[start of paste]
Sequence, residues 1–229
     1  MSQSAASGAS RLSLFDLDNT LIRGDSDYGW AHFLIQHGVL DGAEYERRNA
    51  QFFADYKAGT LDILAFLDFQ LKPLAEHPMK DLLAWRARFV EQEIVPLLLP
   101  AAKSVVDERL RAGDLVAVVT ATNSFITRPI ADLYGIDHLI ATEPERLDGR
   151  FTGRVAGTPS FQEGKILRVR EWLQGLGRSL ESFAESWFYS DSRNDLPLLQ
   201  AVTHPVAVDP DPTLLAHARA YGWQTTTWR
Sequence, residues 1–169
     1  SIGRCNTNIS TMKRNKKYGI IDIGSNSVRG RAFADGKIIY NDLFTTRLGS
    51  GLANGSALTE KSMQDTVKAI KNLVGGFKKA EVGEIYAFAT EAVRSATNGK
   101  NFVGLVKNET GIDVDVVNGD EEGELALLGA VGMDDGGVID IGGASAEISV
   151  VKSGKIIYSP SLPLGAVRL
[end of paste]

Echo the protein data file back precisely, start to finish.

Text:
Sequence, residues 1–229
     1  MSQSAASGAS RLSLFDLDNT LIRGDSDYGW AHFLIQHGVL DGAEYERRNA
    51  QFFADYKAGT LDILAFLDFQ LKPLAEHPMK DLLAWRARFV EQEIVPLLLP
   101  AAKSVVDERL RAGDLVAVVT ATNSFITRPI ADLYGIDHLI ATEPERLDGR
   151  FTGRVAGTPS FQEGKILRVR EWLQGLGRSL ESFAESWFYS DSRNDLPLLQ
   201  AVTHPVAVDP DPTLLAHARA YGWQTTTWR
Sequence, residues 1–169
     1  SIGRCNTNIS TMKRNKKYGI IDIGSNSVRG RAFADGKIIY NDLFTTRLGS
    51  GLANGSALTE KSMQDTVKAI KNLVGGFKKA EVGEIYAFAT EAVRSATNGK
   101  NFVGLVKNET GIDVDVVNGD EEGELALLGA VGMDDGGVID IGGASAEISV
   151  VKSGKIIYSP SLPLGAVRL